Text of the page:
5. Heels: The richest information on sock anatomy is certainly in the heel. There are many choices, and some of them are dependent on the direction you are knitting. Types of heels include:
6. Toes: Depending on how you want the toe of the sock to look or fit, and depending on where you start (toe-up or cuff-down) there is the Wedge, Round, or Spiral that is like the top of a hat.
7. Cuffs: Stretch is key when it comes to cuffs. When you cast on at the cuff, consider going beyond the long-tail cast on and trying stretchier techniques like the Old Norwegian (also known as German Twisted) and the tubular cast ons.
For toe-up socks, stretchy bind offs to consider are: Tubular or Kitchener, Doubled or Russian, Sewn, and Jeny's Surprisingly Stretchy. Whichever you use, note that a 2 x 2 rib tends to provide the most stretch on the whole cuff. The longer your ribbed cuff, the more stretch you get.
Fancy cuffs, like picot or cable, aren't as stretchy. Keep in mind as well that, tight socks don't necessarily mean that they will stay up on your leg. A right-fitting sock, not too tight or too loose, will stay up while being worn.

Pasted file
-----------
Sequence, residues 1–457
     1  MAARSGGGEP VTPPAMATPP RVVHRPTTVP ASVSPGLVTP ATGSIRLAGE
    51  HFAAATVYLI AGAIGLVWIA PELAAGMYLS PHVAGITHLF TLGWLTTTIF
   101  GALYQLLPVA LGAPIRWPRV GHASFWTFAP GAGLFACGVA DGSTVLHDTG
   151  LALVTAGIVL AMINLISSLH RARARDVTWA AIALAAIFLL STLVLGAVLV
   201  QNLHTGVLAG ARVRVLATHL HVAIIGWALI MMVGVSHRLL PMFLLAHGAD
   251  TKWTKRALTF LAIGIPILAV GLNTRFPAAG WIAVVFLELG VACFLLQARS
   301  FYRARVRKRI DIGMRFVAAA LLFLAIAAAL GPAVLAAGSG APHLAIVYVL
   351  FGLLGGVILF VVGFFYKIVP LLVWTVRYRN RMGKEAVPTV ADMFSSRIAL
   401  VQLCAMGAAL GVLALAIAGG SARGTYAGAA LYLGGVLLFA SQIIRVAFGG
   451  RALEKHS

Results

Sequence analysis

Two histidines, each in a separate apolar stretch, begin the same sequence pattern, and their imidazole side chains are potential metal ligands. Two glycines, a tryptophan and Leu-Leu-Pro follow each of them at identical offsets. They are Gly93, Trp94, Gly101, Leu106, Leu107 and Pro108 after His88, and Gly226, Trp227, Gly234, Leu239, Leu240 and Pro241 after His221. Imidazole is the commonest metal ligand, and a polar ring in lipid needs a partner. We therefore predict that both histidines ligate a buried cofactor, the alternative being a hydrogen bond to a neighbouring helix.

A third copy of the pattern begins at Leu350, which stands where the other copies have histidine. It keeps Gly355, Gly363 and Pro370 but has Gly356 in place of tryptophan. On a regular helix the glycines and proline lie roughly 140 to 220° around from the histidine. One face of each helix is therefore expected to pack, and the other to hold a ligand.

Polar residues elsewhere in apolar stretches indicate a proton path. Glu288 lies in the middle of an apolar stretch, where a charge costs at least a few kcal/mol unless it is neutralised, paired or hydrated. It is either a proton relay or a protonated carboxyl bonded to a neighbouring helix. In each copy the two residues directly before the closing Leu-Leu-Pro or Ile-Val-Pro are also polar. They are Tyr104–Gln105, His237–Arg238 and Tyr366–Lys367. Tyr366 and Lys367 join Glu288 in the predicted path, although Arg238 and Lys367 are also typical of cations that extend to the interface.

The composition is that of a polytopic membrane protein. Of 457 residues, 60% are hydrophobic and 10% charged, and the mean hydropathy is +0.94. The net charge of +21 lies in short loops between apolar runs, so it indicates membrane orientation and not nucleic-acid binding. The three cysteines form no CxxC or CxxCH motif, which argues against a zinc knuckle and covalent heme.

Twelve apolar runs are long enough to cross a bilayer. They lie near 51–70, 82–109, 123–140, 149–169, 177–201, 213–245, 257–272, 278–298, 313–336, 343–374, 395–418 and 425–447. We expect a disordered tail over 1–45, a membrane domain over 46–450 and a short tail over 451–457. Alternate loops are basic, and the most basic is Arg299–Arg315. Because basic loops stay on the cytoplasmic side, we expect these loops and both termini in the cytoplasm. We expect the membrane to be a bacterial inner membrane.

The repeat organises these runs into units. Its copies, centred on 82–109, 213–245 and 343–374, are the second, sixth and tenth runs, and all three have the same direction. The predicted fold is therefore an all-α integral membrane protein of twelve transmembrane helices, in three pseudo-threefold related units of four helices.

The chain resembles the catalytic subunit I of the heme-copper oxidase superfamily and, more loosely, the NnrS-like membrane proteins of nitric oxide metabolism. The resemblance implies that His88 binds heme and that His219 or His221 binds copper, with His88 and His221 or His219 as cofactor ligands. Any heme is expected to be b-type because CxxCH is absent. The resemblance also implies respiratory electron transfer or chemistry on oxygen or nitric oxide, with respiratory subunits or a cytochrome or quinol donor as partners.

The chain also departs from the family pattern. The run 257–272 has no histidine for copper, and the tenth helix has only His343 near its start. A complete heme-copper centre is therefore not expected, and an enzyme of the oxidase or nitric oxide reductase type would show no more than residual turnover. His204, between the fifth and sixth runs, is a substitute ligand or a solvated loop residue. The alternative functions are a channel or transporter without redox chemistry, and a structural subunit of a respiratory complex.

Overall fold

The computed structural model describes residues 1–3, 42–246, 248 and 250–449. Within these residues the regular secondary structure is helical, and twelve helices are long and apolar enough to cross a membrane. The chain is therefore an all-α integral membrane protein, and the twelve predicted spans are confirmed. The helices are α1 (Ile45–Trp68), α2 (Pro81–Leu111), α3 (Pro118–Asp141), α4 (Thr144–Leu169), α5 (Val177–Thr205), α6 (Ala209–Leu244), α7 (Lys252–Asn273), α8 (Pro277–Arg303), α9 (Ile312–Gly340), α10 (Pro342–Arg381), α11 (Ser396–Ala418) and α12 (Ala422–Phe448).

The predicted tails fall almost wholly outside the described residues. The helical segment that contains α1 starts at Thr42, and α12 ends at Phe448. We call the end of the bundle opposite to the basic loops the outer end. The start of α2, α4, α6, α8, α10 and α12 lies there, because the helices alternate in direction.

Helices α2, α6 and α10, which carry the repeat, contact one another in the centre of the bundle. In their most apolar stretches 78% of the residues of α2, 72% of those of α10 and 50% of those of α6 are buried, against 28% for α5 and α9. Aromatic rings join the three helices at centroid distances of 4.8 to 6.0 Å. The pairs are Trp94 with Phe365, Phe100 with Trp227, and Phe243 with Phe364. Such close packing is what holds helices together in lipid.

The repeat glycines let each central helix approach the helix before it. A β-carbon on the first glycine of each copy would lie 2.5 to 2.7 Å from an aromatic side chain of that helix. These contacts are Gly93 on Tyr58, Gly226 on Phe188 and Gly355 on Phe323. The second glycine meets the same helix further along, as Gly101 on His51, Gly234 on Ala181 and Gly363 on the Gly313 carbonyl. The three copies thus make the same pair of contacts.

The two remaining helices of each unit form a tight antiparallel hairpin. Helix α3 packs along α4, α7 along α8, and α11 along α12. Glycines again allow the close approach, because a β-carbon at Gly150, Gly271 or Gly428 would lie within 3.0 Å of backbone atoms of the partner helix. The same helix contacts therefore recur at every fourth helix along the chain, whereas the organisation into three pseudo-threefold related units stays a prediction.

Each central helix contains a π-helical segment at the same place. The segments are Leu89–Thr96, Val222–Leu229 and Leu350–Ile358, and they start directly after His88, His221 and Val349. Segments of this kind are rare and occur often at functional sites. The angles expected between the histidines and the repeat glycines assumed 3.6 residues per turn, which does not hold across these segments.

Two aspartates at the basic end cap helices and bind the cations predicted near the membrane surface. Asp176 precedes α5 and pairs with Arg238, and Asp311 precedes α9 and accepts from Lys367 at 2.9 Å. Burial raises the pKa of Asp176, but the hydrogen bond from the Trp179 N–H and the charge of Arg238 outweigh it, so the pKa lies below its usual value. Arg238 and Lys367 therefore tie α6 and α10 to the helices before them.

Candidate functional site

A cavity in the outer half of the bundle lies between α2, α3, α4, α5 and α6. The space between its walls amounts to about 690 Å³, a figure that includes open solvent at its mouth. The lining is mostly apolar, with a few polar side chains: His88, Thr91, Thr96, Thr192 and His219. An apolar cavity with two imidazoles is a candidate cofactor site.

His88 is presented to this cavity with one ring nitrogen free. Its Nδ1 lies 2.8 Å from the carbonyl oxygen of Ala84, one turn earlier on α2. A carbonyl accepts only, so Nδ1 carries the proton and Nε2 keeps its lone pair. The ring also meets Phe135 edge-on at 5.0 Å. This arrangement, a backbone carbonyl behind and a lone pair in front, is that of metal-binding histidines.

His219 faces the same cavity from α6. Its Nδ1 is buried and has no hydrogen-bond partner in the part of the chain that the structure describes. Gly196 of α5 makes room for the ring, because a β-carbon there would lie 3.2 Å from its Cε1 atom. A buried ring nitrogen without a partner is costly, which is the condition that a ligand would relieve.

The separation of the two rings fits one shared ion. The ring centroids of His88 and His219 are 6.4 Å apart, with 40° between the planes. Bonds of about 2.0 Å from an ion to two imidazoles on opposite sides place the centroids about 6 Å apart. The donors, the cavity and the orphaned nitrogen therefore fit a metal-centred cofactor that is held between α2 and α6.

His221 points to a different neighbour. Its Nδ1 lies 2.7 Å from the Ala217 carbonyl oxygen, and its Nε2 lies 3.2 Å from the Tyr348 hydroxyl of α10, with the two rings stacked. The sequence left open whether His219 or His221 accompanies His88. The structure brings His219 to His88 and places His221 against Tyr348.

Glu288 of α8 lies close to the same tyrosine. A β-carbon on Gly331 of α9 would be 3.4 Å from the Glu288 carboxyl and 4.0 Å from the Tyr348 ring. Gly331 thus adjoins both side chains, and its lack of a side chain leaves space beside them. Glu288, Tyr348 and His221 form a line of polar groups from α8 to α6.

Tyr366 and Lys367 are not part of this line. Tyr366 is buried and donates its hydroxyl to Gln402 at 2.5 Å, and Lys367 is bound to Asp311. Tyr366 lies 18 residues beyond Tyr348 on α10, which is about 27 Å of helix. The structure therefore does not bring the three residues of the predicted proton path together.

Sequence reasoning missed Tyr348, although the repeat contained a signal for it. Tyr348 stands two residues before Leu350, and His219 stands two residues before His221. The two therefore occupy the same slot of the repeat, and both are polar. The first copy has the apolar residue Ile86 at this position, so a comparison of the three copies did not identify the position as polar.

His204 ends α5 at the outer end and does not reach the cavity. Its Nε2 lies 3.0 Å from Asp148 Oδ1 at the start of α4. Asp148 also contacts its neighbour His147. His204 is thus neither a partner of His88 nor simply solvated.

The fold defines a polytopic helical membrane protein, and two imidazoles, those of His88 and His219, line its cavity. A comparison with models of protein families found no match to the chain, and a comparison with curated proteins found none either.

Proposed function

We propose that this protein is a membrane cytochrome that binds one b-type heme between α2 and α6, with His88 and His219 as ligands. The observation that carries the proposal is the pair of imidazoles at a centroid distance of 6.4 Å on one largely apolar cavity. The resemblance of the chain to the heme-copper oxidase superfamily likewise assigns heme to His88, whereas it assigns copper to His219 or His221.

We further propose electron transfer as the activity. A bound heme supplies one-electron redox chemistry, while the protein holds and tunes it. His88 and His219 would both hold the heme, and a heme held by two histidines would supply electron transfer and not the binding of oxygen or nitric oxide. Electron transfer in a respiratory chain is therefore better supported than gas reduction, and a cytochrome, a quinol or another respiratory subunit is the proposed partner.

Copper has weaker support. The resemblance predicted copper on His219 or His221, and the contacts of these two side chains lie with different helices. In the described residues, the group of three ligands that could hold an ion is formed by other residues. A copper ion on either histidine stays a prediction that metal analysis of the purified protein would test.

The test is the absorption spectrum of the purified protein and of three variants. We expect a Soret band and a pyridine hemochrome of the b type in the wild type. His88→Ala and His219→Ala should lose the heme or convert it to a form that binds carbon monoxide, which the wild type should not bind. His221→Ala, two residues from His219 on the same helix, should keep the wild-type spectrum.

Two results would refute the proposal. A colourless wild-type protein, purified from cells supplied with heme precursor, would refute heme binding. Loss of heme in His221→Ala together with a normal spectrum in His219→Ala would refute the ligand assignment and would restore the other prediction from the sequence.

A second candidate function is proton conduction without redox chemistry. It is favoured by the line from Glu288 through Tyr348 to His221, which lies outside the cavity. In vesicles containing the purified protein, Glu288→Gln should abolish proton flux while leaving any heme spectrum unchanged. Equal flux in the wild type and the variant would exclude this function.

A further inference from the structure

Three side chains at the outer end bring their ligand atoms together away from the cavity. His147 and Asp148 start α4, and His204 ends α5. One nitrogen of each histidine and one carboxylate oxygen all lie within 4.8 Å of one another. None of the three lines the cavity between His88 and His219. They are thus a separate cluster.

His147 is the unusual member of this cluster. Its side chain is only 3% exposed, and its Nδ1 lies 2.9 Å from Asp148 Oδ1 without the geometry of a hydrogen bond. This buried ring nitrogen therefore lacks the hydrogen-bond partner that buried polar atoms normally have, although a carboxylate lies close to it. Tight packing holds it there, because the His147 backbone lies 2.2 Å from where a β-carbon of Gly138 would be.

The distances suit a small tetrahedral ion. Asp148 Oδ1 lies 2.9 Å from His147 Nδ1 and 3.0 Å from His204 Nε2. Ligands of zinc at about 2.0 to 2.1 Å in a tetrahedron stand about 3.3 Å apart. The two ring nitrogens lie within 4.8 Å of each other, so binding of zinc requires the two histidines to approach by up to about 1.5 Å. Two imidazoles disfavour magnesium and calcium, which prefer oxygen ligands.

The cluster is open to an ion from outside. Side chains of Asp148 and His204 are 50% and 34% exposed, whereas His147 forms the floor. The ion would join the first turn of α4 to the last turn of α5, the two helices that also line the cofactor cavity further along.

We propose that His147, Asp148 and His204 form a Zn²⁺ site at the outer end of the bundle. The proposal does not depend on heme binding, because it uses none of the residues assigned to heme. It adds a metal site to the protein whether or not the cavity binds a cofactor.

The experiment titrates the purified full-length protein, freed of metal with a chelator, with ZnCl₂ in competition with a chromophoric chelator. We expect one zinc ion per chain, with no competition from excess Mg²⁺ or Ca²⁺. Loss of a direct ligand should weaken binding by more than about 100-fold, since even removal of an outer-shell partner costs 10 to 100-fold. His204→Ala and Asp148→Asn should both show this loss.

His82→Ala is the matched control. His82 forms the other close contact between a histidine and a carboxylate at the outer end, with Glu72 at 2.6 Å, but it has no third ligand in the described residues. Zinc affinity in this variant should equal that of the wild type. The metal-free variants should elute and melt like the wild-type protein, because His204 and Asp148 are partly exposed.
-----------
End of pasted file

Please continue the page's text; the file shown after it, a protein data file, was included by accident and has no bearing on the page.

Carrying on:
8. Stitch Pattern: This is the fun part. If you're breaking away from a written pattern, consider using a stitch dictionary as inspiration for your own designs. Go with a pattern repeat that works evenly with the total number of stitches (if you have 60 total stitches, then chose a pattern with a repeat of 5 or 10 stitches).
9. How Many at a Time: As mentioned above, you can use an extra-long circular needle to knit both socks at the same time, which ensures the socks will be identical (or at least as close as possible).
Emily shared a great list of resources for sock knitting:
Thank you, Emily, for a great presentation!
We had yet another gorgeous Show and Tell, including those by new members - Welcome! We love seeing new members, newer knitters, and visitors share their projects.
Catch us next time, March 11th, for the Stitch & Stir podcast with Emme and Samantha where they will be recording a show.
Missives from the fabulous women who got the ball (of yarn) rolling.